Troubles with schoolwork – looking beyond the obvious

Schoolwork assignments add another set of variables that goes beyond the immediate scope of the parent-child relationship. If you tell your child to take out the garbage, or take a few minutes to read to his little brother, the interaction is primarily between you and your son. However, if the task is to complete a schoolwork assignment, there may be important factors influencing your child that are not immediately obvious. This is true even for homeschoolers. 


Any time your child interacts with an outside source of direction or information, parents must be alert. Wisdom, discernment, and patience are required to understand your child’s reaction to that outside source. It is in these moments when you prepare your children to deal with the world outside of your home, for the time when they will leave home.


If your child is slow or troubled by a schoolwork assignment, don’t automatically assume he is being lazy or irresponsible. It is important to take the time to understand why the assignment is not going well.  Discipline appropriate to schoolwork struggles, discipline that benefits your child and honors God, is an art form. 


Underlying problems with schoolwork that are not resolved can lead to broken and bitter teenage years. Simply giving terse directives may get the immediate assignment done, but that approach could also result in the beginning of a relational barrier between you and your child. It is not uncommon for children to believe that their parents don’t really care for them because of misunderstood interactions regarding schoolwork. 


Here is an example. Your 5th grader is reading a short story about which he is to write a paragraph. There is an element to the story that disturbs him, but this is not immediately obvious to you. His mind begins to focus on the troubling element. He may connect it with something in his life that is disturbing to him—but he is embarrassed to tell you. So when you notice he is working slowly, or perhaps drifting, you encourage him to get back to work and focus on his task. He says okay, but still can’t focus. You direct him again to regain his focus. You ask him what the problem is. He says, “Nothing, really.”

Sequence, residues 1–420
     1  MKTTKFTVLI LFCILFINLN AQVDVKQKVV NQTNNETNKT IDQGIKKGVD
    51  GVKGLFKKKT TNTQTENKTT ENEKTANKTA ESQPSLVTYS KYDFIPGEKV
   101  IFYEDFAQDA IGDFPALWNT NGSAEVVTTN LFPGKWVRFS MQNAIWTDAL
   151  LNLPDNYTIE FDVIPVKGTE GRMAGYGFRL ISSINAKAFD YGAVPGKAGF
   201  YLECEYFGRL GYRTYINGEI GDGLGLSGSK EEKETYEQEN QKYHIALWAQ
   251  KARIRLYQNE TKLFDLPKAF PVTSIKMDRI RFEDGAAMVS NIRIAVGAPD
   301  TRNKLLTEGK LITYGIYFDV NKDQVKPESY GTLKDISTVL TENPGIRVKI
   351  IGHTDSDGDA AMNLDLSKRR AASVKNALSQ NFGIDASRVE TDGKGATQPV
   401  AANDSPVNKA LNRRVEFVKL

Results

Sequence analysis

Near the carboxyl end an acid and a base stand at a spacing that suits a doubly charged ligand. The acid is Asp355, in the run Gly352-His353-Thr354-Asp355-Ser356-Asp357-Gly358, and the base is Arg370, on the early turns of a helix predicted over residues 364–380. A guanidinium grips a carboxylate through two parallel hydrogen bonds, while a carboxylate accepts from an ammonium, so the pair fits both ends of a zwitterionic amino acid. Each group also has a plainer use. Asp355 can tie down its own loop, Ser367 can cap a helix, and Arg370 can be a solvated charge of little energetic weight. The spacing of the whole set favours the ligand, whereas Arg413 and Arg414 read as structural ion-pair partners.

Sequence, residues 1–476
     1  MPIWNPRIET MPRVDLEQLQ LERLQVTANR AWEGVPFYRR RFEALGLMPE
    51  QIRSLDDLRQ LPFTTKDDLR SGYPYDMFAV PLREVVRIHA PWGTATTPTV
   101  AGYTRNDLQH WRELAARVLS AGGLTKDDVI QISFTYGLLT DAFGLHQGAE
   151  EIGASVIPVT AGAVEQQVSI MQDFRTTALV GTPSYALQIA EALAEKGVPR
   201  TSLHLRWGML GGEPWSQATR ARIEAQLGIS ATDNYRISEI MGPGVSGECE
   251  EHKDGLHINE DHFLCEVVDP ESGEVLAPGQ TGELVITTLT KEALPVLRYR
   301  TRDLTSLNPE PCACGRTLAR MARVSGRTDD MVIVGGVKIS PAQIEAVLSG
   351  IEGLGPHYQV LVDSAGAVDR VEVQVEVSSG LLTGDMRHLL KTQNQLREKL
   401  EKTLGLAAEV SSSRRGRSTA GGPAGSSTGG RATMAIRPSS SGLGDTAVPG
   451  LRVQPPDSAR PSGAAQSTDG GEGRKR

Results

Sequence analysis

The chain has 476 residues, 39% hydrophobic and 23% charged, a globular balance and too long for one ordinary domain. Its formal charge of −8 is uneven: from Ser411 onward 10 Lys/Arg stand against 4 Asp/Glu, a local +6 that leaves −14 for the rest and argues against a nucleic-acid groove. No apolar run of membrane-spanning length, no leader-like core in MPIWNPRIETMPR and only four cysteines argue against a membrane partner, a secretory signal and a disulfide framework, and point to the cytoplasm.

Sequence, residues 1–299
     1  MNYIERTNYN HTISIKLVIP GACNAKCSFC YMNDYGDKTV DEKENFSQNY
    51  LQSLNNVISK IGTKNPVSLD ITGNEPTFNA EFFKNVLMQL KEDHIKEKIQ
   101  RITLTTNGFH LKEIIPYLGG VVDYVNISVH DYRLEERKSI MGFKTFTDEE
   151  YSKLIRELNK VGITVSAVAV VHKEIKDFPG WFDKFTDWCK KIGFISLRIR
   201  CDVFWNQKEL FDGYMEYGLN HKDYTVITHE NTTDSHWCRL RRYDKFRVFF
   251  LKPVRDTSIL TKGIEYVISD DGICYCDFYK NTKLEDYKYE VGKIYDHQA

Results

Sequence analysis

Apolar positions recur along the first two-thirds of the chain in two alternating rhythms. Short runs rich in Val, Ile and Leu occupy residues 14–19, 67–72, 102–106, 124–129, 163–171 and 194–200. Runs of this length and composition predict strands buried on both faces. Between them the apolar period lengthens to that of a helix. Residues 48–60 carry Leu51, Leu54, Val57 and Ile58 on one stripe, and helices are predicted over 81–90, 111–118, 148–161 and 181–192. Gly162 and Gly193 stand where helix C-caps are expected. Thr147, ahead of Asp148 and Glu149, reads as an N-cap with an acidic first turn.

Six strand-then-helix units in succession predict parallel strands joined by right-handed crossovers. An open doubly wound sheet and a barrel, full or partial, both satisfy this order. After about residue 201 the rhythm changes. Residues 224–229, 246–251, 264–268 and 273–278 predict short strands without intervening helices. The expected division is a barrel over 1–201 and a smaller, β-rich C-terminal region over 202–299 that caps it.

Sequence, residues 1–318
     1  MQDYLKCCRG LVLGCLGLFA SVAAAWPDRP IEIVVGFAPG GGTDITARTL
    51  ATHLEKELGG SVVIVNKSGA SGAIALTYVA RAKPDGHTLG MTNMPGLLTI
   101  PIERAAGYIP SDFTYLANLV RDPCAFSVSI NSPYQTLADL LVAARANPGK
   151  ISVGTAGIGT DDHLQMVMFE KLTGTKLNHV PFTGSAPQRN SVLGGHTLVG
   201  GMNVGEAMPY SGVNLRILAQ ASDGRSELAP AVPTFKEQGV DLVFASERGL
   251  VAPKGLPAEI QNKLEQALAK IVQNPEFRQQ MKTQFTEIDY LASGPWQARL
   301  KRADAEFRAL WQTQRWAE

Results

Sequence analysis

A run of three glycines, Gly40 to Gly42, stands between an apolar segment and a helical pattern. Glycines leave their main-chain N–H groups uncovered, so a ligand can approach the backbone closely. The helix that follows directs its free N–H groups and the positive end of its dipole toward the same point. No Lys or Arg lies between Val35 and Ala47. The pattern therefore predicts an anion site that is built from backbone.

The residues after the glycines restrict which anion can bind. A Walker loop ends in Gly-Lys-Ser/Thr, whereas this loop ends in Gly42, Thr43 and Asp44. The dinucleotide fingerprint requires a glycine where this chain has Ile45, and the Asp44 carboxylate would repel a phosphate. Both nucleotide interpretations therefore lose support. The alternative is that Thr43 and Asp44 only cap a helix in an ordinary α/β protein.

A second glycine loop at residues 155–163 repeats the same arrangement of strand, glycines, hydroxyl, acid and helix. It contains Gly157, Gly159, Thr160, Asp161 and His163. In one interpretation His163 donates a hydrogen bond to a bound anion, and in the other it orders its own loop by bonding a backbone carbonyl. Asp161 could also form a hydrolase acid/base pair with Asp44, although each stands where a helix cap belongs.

Eventually he finishes, but he is late finishing, you are frustrated, and he is reserved. You are thinking why can’t he just do his work and he is wishing he could talk about the disturbing thoughts he is having. Even though the assignment is finished an important opportunity has been lost for both parent and child. 


It is important to spend enough time to know when your child’s subtle mood changes might indicate internal problems that need to be addressed. The principles of listening well and knowing your child are important if you are going to be a wise shepherd and build a strong relationship with him. You want him (or her) to talk freely with you about the things that are troubling. This takes time to establish. As I said, this sort of interactive discipline is an art.  


The problem may be that your child needs to be more diligent. But, there may be other important issues just beneath the surface.


It is vital to realize that the most important issue in schoolwork is one of relationship. Don’t isolate school from the rest of life. Yes, you want your child to do well in school. But along the way don’t lose sight of the importance of your relationship with your child and with his relationship with God.


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